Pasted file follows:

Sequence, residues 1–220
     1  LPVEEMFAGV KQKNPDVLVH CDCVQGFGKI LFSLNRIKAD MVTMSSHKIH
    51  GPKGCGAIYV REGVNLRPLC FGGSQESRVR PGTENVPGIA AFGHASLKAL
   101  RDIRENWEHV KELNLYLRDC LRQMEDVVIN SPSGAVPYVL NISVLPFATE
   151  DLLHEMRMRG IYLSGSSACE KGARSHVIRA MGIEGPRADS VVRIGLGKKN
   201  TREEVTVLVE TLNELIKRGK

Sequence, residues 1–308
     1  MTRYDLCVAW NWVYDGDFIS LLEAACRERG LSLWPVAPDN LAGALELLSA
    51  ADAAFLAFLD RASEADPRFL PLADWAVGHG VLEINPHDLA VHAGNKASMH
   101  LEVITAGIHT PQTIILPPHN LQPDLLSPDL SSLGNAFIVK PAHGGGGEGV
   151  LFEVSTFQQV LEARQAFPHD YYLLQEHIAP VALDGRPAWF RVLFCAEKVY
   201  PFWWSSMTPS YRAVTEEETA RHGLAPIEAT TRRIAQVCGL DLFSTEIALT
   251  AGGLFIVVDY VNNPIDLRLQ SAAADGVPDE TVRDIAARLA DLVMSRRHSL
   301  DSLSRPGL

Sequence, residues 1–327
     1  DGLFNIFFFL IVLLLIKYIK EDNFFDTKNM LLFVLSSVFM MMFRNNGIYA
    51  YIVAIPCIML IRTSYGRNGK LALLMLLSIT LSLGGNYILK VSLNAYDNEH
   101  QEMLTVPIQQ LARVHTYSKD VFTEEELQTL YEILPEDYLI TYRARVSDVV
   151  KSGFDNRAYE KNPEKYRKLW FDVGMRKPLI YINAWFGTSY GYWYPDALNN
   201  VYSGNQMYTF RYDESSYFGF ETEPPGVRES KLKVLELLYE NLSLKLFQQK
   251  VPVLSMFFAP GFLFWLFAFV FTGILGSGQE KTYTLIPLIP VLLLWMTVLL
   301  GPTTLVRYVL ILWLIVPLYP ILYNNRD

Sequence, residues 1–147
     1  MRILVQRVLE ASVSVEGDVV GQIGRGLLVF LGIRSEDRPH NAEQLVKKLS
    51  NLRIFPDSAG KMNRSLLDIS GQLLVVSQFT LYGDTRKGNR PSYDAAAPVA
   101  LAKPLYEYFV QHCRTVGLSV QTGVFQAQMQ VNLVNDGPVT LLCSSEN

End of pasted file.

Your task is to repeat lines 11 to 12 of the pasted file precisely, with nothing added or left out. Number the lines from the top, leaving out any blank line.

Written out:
   151  LFEVSTFQQV LEARQAFPHD YYLLQEHIAP VALDGRPAWF RVLFCAEKVY
   201  PFWWSSMTPS YRAVTEEETA RHGLAPIEAT TRRIAQVCGL DLFSTEIALT